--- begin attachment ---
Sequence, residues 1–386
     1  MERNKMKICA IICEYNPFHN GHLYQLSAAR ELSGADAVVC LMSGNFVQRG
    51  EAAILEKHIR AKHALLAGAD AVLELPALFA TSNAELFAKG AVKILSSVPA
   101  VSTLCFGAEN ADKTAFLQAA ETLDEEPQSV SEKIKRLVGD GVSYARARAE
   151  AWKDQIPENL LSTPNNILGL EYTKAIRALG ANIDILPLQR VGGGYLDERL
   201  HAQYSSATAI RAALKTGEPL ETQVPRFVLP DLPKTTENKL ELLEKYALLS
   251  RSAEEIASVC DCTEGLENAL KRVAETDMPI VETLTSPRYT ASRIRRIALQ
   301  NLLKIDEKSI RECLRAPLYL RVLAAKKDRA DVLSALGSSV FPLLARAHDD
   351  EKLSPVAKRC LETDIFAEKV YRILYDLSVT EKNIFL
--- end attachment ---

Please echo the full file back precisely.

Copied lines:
Sequence, residues 1–386
     1  MERNKMKICA IICEYNPFHN GHLYQLSAAR ELSGADAVVC LMSGNFVQRG
    51  EAAILEKHIR AKHALLAGAD AVLELPALFA TSNAELFAKG AVKILSSVPA
   101  VSTLCFGAEN ADKTAFLQAA ETLDEEPQSV SEKIKRLVGD GVSYARARAE
   151  AWKDQIPENL LSTPNNILGL EYTKAIRALG ANIDILPLQR VGGGYLDERL
   201  HAQYSSATAI RAALKTGEPL ETQVPRFVLP DLPKTTENKL ELLEKYALLS
   251  RSAEEIASVC DCTEGLENAL KRVAETDMPI VETLTSPRYT ASRIRRIALQ
   301  NLLKIDEKSI RECLRAPLYL RVLAAKKDRA DVLSALGSSV FPLLARAHDD
   351  EKLSPVAKRC LETDIFAEKV YRILYDLSVT EKNIFL